If you drive down South First Street to the entrance of
Fairview Cemetery in DeKalb you may notice a building near the
entrance with a two-car garage attached.
It is the cemetery office, but originally it was a display
model for a new concept in building construction, later occupied
by the caretaker.
In the early 1970s, Dura-Plex Industries of Peoria announced
a low-cost modular house, probably best known by most people
as a prefab. This unit was made with fiberglass panels with a
core of polyurethane foam sandwiched in between. The Crusader
model at the cemetery is a three-bedroom, 1,200-square -foot
building with 29 sandwich panels glued together and a roof attached.
This photo shows the front side and entry of the 1970s
Dura-Plex model home now used as an office at Fairview Cemetery
in DeKalb. (Schrader photo for ShawMedia)
The foundation is a poured cement slab that overlaps notches
in the panels to anchor it in place.
The electrical wiring and PVC plumbing were built into
the panels and cutouts for aluminum windows and door frames were
pre-cut. The house has remained on the site for more than 40
years and has needed only minor repairs and a new roof, plus
a garage was added later. It was a bargain at $9,000 plus the
cost of the lot.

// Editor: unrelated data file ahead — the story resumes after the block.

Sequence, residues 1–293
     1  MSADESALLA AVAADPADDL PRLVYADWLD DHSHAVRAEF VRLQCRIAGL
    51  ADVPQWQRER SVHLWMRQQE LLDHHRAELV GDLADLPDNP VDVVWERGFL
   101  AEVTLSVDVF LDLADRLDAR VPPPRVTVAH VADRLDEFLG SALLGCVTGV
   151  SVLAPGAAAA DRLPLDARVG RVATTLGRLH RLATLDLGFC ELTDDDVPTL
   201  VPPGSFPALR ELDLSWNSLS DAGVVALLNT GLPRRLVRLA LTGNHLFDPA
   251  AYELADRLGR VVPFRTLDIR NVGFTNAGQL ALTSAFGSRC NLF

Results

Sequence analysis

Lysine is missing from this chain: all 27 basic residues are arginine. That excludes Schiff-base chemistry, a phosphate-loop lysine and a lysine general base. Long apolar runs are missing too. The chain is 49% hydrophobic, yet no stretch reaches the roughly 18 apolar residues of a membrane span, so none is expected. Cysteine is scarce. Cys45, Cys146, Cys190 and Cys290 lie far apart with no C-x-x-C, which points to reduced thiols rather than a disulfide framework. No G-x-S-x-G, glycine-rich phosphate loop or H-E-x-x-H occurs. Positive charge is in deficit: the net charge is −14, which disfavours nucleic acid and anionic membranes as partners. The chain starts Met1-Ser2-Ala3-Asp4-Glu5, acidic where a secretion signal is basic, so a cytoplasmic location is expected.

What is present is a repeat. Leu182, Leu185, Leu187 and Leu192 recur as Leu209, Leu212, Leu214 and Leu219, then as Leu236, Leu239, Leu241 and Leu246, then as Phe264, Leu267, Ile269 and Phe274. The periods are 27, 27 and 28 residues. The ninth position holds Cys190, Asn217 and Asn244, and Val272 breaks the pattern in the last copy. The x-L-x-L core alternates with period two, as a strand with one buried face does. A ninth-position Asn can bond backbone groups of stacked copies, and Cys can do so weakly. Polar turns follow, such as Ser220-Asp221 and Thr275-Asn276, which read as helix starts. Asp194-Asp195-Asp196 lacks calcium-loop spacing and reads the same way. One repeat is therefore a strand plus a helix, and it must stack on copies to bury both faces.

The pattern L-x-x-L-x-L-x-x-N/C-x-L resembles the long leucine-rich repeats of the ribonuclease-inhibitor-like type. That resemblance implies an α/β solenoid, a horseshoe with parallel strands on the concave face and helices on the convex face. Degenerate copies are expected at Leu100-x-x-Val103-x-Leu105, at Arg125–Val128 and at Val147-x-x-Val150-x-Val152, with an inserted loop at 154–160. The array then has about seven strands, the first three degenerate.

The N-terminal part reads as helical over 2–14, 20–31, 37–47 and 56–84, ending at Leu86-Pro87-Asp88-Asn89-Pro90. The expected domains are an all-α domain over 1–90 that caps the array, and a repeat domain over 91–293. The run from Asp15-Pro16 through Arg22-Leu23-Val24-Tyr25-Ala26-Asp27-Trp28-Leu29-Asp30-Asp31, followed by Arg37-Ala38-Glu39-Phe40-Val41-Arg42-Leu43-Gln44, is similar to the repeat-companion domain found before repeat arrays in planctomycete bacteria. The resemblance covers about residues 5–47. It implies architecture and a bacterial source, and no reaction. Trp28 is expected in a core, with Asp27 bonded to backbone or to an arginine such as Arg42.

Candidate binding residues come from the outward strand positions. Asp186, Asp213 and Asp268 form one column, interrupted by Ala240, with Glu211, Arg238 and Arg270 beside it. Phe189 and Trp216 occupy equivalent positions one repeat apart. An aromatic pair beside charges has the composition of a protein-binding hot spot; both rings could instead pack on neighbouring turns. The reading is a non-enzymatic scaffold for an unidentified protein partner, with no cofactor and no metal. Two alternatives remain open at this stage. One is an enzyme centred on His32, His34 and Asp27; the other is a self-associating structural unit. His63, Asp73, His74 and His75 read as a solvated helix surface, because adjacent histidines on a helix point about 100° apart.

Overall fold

The first model was erected at the DuQuoin State Fairgrounds
in 1971 and then a few others around the state, including Marengo
and Belvidere, according to newspaper accounts from the time.
A second home also was reportedly built somewhere south of DeKalb,
but I drove around Gurler and Keslinger roads and could not locate
it this past weekend.
Three DeKalb men were named as distributors, Simon Schafer,
Donald J. Kohler and Lloyd E. Cooper. Cooper, now deceased, was
a cousin of mine, and his daughter, Carol Prentice, told me she
recalled her fathers involvement.
Coincidentally, a member of the Dura-Plex board of directors,
Donald R. Grubb, was my college adviser as chairman of the NIU
journalism department. He also handled public relations for the
company on the side.
Lisa Larson, the cemetery administrator, said the structure
was built in the summer of 1975. Grubbs widow, Ruby, and
daughter, Karen, said the house was a display model for showing
prospective buyers and investors, and later was turned over to
the cemetery association for its use.
Unfortunately for the stockholders and company officials,
they were not successful in marketing the prefab units. Dura-Plex
was absorbed by another company and the stock is now valueless.
I also heard that the trades unions were adamantly opposed to
these prebuilt homes because of the loss of work that would result
for their members. One of the stockholders from Sycamore told
me he sold 300 of his shares for a profit when the stock split,
but still has the other 300 shares with no value.
According to an announcement in the Daily Chronicle in
May 1972, about 1.4 million shares were being offered for sale
at $2 each. A meeting was held at the local Holiday Inn where
prospective stockholders were given the sales pitch.
If anyone knows the whereabouts of that Dura-Plex house
south of DeKalb please let me know. I would like to find out
how it has held up 40-plus years.